On August 10, 1769, the Endeavour left Ra‘iātea and headed away from the Society Islands. Tupaia wanted to sail west, but Cook directed the ship to sail south, obeying the British Admiralty’s command to search for a southern continent. Had the Endeavour in fact sailed west, it would have reached Tonga, Sāmoa, the Cook Islands and Fiji—all places Cook would go on to visit on his second Pacific voyage.
As they sailed south, Tupaia informed Cook that they were heading in the direction of Hiti-roa (known today as Rurutu), an island he had last visited more than two decades earlier. After a brief visit there, Cook continued south. Tupaia questioned the decision but nevertheless continued to share his knowledge. He told Cook he knew of only one more island to the south, about a two-day sail distant. He added that he knew from his ancestors that there were two other islands in that direction but said that he himself did not know how to locate them. Today it is believed Tupaia was describing the locations of Tubuai, Raivavae and Rapa.
As the Endeavour sailed closer to the Antarctic Circle, the colder temperatures affected Tupaia’s health greatly, as did an intestinal disorder most likely caused by a lack of fresh fruits and vegetables. But despite his physical struggles, it was during this time that Tupaia worked with Cook, Molyneux and others to commit his extensive navigational knowledge to paper. Tupaia is now believed to have created three drafts of a chart of the Pacific during his time with the English sea captain. Though all three originals have been lost, copies of the first and third remain known, the first in Germany, the third in England. They are indeed extraordinary: The first includes fifty-eight named islands; the third, seventy-four named islands. They cover a distance east to west of nearly five thousand miles and a distance north to south of more than thirty-seven hundred miles.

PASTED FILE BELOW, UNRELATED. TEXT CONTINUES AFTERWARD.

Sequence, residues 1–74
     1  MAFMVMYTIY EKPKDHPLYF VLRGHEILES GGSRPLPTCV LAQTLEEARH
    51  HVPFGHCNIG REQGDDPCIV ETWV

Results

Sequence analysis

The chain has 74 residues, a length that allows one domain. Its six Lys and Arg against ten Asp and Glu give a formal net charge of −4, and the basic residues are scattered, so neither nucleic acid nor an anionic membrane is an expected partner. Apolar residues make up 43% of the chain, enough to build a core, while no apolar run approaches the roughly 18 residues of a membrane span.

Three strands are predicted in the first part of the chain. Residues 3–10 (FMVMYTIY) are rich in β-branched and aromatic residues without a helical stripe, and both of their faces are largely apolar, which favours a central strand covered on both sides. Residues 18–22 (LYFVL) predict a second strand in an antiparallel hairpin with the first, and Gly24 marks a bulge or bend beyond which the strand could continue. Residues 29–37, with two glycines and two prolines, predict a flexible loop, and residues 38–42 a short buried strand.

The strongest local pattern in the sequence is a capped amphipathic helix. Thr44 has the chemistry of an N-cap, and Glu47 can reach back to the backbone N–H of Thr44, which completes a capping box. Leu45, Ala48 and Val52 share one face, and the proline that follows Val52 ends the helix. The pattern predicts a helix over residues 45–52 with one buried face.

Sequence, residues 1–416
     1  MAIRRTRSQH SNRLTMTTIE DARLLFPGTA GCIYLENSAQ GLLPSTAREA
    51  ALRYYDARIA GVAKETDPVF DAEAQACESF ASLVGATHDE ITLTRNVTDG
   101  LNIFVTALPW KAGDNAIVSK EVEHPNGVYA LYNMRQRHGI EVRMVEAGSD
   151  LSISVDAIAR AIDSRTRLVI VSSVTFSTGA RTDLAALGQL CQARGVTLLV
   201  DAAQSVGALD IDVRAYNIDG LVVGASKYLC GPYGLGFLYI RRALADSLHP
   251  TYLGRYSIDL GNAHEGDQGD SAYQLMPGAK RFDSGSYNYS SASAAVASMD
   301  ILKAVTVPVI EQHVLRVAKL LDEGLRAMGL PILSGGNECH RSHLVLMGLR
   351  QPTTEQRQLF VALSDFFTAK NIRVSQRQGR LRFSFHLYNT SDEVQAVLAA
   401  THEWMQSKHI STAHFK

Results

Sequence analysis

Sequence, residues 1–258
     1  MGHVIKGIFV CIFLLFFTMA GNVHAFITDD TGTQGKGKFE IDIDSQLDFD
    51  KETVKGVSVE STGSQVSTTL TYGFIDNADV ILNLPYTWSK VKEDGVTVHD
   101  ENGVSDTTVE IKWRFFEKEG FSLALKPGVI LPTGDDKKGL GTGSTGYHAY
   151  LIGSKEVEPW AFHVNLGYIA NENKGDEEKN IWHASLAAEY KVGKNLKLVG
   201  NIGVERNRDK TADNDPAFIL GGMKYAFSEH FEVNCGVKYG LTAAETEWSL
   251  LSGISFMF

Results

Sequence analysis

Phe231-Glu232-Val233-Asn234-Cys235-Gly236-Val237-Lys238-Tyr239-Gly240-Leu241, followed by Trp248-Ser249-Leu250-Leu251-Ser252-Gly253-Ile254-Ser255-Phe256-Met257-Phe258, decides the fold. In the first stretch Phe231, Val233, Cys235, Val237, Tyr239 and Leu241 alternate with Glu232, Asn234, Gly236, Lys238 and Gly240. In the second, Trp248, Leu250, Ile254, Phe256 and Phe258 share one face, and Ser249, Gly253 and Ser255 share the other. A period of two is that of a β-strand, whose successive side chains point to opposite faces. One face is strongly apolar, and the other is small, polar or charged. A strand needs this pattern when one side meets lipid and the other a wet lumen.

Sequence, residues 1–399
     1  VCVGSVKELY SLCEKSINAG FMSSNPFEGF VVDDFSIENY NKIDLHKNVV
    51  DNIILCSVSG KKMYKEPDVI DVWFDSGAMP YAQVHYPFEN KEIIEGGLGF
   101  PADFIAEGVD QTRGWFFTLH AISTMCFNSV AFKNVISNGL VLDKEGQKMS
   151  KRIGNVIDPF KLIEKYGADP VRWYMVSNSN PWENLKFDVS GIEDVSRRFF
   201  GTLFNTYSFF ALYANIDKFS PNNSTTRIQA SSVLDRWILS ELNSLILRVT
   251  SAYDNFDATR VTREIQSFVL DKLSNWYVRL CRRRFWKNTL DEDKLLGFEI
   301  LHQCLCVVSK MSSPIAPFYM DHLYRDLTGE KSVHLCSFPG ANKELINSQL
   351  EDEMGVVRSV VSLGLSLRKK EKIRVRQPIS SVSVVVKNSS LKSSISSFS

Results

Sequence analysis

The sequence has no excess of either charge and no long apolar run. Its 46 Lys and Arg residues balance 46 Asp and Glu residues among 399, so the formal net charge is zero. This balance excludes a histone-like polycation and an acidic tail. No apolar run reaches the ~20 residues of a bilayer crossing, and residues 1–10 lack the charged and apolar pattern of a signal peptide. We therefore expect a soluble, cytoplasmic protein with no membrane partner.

Much of the work of understanding Tupaia’s chart has been undertaken only in the last decade, by German researchers Lars Eckstein and Anja Schwarz. The pair first became interested in Tupaia’s chart six years ago, while they were teaching colonial-era travel writing at the University of Potsdam; their course materials included Cook’s journals, which contained a record of the third and final draft of Tupaia’s chart. In her new book Sea People, author Christina Thompson describes Tupaia’s chart as a translation of Tahitian geographical knowledge into European cartographic terms, a bringing together of two world-views. It was not an easy feat, as Eckstein and Schwarz realized.